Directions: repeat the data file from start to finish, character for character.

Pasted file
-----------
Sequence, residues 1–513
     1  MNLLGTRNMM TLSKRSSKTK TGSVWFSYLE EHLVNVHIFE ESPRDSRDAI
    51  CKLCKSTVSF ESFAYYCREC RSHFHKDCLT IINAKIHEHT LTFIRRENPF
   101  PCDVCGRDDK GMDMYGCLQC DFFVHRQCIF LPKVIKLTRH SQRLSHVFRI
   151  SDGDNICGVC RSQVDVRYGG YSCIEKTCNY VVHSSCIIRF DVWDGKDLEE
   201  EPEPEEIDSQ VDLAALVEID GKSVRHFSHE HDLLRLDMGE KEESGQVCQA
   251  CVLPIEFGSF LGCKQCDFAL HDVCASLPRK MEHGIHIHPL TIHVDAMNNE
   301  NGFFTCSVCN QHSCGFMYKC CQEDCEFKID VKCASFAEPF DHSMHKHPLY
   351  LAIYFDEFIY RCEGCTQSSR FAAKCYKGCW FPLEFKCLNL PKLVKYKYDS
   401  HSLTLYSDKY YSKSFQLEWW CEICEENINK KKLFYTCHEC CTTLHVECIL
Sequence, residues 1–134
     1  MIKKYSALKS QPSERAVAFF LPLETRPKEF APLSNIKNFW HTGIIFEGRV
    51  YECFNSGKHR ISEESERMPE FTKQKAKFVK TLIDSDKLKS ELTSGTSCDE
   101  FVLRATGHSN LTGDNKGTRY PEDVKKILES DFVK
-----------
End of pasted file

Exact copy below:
Sequence, residues 1–513
     1  MNLLGTRNMM TLSKRSSKTK TGSVWFSYLE EHLVNVHIFE ESPRDSRDAI
    51  CKLCKSTVSF ESFAYYCREC RSHFHKDCLT IINAKIHEHT LTFIRRENPF
   101  PCDVCGRDDK GMDMYGCLQC DFFVHRQCIF LPKVIKLTRH SQRLSHVFRI
   151  SDGDNICGVC RSQVDVRYGG YSCIEKTCNY VVHSSCIIRF DVWDGKDLEE
   201  EPEPEEIDSQ VDLAALVEID GKSVRHFSHE HDLLRLDMGE KEESGQVCQA
   251  CVLPIEFGSF LGCKQCDFAL HDVCASLPRK MEHGIHIHPL TIHVDAMNNE
   301  NGFFTCSVCN QHSCGFMYKC CQEDCEFKID VKCASFAEPF DHSMHKHPLY
   351  LAIYFDEFIY RCEGCTQSSR FAAKCYKGCW FPLEFKCLNL PKLVKYKYDS
   401  HSLTLYSDKY YSKSFQLEWW CEICEENINK KKLFYTCHEC CTTLHVECIL
Sequence, residues 1–134
     1  MIKKYSALKS QPSERAVAFF LPLETRPKEF APLSNIKNFW HTGIIFEGRV
    51  YECFNSGKHR ISEESERMPE FTKQKAKFVK TLIDSDKLKS ELTSGTSCDE
   101  FVLRATGHSN LTGDNKGTRY PEDVKKILES DFVK